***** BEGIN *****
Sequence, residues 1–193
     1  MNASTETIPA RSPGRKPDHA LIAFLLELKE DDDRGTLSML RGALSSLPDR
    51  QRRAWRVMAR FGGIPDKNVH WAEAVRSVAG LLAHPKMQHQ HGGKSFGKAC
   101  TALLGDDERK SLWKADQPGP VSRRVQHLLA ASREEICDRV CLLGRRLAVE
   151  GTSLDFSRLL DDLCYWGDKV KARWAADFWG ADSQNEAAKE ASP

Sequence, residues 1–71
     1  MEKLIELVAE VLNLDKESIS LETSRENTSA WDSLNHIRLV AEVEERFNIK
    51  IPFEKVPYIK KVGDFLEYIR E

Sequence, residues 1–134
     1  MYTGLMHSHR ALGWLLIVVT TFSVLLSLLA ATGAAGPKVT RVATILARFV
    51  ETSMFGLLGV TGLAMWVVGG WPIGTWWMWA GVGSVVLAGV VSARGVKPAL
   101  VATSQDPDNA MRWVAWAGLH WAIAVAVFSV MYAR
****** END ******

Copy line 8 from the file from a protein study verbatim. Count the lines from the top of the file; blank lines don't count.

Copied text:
    51  IPFEKVPYIK KVGDFLEYIR E